David Bowie

Virgin, 1977


REVIEW BY: Benjamin Ray


David Bowie had been flirting with the idea of moving to Germany for some time, but it wasn't until the release of the distinctly European Station to Station that he decided to go to his home continent. Stationing himself in Berlin with his band, Iggy Pop and Brian Eno, Bowie proceeded to kick cocaine and fully explore the ambient electronica he had started to embrace on the previous album.

Low is a challenging listen, sounding like little Bowie had done before and moving him farther away from the glam-rock sound he had helped create. Perhaps in a peace offering to those fans left behind, the songs are separated, one side devoted to shorter pop numbers and one side to spacey instrumentals. It's a difficult record to love; elegant, cold, detached, seemingly lacking soul, much like Bowie himself for many years.my_heart_sings_the_harmony_web_ad_alt_250

The best way to immerse into this is in bits and pieces. Start with the shimmering "Sound and Vision," the straight pop of "What in the World" and the cool instrumental "Speed of Life." "Always Crashing In The Same Car" is a throwback to the Hunky Dory period but without charm, and "Be My Wife" features some pounding piano, interesting guitar work, plenty of cymbals and Bowie's simplistic lyrical overture to a woman.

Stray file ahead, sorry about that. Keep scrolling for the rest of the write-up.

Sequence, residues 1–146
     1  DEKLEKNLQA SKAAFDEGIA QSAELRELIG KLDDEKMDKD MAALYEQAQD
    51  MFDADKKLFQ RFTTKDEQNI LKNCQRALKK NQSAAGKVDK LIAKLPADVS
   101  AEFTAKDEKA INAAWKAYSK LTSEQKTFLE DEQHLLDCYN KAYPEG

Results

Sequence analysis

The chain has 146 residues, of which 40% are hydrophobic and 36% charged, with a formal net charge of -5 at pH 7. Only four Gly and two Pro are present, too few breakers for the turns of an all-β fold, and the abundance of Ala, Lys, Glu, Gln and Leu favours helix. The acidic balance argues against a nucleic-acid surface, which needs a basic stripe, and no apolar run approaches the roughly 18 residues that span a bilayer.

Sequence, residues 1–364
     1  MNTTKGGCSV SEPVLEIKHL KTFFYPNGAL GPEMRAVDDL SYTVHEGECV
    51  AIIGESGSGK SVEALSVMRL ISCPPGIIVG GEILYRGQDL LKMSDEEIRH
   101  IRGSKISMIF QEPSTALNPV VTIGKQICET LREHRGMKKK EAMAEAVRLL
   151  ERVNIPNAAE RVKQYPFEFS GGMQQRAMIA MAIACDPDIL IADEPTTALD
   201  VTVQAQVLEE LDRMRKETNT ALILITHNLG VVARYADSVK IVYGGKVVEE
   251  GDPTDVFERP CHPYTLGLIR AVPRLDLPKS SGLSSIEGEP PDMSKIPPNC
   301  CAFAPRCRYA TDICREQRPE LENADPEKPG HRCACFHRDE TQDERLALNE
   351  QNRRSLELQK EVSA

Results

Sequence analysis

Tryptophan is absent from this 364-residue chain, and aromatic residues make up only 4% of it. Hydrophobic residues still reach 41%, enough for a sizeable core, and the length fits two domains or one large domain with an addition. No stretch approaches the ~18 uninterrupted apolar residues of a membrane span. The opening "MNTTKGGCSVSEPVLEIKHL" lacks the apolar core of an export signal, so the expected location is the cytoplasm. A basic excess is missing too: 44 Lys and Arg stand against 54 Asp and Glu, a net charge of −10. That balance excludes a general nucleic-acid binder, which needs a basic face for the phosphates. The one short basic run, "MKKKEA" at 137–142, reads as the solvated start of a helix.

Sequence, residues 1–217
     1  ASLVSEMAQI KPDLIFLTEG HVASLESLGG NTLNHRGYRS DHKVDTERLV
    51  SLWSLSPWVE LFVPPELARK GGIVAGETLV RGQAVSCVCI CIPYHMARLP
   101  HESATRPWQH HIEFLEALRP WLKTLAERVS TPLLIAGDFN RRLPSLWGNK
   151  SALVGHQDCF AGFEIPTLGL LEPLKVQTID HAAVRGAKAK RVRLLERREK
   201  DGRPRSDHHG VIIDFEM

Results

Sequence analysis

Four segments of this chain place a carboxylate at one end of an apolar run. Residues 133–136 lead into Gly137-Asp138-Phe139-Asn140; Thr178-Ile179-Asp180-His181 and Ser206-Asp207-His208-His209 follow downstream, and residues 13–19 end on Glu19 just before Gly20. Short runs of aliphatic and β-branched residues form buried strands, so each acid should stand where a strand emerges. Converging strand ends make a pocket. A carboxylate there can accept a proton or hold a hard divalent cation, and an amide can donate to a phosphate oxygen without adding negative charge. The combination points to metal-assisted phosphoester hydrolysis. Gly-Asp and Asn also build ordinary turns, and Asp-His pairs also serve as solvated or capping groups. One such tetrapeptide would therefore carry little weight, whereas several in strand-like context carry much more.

The second side requires patience but yields rewards. "Warszawa" starts off with an ominous synthesizer and proceeds to sound like the death knell in a movie about the Holocaust, throwing in some wailing voices and mournful keyboard solos. "Art Decade" sounds like the lost-in-time theme to one of those cheesy 80s computer movies like Tron. "Weeping Wall" has a sort of African-beat feel underneath a choppy synthesizer and little variety, while "Subterraneans" sounds a bit like the Alan Parsons Project meets Pink Floyd, with an orchestra and saxophone backing up the keyboard notes. It's obvious Brian Eno had a lot to do with this, but Bowie was really into this sound and knew it would be a radically different direction.

On that note, the album cover is a joke of sorts, a profile of Bowie underneath the album title, meant to imply Low Profile. Certainly, "Warszawa" is the exact opposite of anything on Ziggy Stardust.

Low is challenging, different, progressive and interesting, worth hearing by Bowie or electronica fans, even if it sounds nothing like the Bowie you only know from the radio.


Rating: B

User Rating: Not Yet Rated



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